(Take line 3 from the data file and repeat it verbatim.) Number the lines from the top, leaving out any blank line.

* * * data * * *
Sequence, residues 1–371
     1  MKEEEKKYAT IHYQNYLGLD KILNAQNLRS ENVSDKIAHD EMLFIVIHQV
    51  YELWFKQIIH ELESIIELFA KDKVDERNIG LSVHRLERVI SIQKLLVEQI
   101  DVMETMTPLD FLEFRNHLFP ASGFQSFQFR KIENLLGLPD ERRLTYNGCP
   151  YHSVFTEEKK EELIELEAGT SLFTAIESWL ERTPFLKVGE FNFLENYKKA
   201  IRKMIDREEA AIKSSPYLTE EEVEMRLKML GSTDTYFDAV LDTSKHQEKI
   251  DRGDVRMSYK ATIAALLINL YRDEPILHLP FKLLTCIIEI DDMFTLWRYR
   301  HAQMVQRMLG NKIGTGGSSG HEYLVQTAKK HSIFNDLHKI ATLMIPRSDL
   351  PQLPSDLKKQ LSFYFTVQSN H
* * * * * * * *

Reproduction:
    51  YELWFKQIIH ELESIIELFA KDKVDERNIG LSVHRLERVI SIQKLLVEQI